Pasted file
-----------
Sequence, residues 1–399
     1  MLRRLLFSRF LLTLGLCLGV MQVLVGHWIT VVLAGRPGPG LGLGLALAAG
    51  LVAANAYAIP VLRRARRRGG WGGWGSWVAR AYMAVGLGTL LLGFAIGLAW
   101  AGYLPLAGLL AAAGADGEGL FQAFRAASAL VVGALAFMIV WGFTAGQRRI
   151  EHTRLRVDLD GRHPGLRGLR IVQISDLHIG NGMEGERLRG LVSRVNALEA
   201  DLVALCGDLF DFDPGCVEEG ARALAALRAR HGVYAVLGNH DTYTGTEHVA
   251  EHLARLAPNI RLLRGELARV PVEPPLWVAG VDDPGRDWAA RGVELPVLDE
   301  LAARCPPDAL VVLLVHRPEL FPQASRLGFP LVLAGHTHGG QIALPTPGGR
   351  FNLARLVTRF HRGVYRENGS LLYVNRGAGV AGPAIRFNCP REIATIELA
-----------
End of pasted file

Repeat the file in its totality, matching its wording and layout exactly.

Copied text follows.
Sequence, residues 1–399
     1  MLRRLLFSRF LLTLGLCLGV MQVLVGHWIT VVLAGRPGPG LGLGLALAAG
    51  LVAANAYAIP VLRRARRRGG WGGWGSWVAR AYMAVGLGTL LLGFAIGLAW
   101  AGYLPLAGLL AAAGADGEGL FQAFRAASAL VVGALAFMIV WGFTAGQRRI
   151  EHTRLRVDLD GRHPGLRGLR IVQISDLHIG NGMEGERLRG LVSRVNALEA
   201  DLVALCGDLF DFDPGCVEEG ARALAALRAR HGVYAVLGNH DTYTGTEHVA
   251  EHLARLAPNI RLLRGELARV PVEPPLWVAG VDDPGRDWAA RGVELPVLDE
   301  LAARCPPDAL VVLLVHRPEL FPQASRLGFP LVLAGHTHGG QIALPTPGGR
   351  FNLARLVTRF HRGVYRENGS LLYVNRGAGV AGPAIRFNCP REIATIELA